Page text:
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Clarify contract status by separating arbitration clause from job application

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in Discrimination and Harassment,Employment Law,FMLA Guidelines,Human Resources

If, like many employers, you include an arbitration clause in your employment applications, take note of a recent California Court of Appeal case. If your application also preserves at-will employment status and specifies that the application is not a contract, you may not have a binding agreement to arbitrate employment disputes.

Recent case: Laurie Lyng applied for a job with Brendan Travel and signed an application that said she agreed to arbitrate most employment disputes that might arise during the course of her employment.

The application also said there was no employment contract between employees and the company, and that everyone was an at-will employee. It went on to explain that nothing in the application “or any other information conveyed during an interview creates an employment contract between me and the Company. I also understand that such materials and information do not create an employment contract if I am hired by the Company.”

The company fired Lyng shortly after she asked for accommodations to undergo breast cancer treatment and surgery. She was hired in October, diagnosed in November and asked for time off in December. She claimed she was told she was being fired because the company was “worried about her health” and concerned that she could no longer do the job she was hired to perform.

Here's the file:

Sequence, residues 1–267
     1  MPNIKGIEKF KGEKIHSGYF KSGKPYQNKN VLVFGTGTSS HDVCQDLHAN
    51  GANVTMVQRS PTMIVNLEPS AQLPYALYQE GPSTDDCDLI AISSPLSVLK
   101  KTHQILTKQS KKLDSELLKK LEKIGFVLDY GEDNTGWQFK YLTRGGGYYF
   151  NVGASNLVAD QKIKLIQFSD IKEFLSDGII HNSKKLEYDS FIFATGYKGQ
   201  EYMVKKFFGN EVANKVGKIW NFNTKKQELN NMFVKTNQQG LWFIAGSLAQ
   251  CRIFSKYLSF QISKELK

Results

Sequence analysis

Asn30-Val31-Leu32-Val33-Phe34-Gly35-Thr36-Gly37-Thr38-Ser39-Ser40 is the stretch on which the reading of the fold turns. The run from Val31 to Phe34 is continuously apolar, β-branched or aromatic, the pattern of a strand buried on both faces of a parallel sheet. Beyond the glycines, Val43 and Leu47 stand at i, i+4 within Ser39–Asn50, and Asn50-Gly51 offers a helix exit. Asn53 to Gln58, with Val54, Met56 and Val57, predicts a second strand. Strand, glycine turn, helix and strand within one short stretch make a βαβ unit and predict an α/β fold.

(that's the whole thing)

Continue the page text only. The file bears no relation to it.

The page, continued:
She sued for disability discrimination, alleging she had been denied leave as a reasonable accommodation for her new disability. She was not eligible for FMLA leave because she had worked for the company for only a few weeks.

The company asked the court to send the case to arbitration. The court refused, reasoning that the application was not a contract—it specifically stated that it was not—and that there was no other written agreement that could be viewed as a contract. (Lyng v. Brendan Vacations, No. B207245, California Court of Appeal, Second Appellate Division, 2008)

Final note: The problem in this case might have been avoided by providing a separate document, apart from any application, to be signed at the time of hire that included the arbitration clause.

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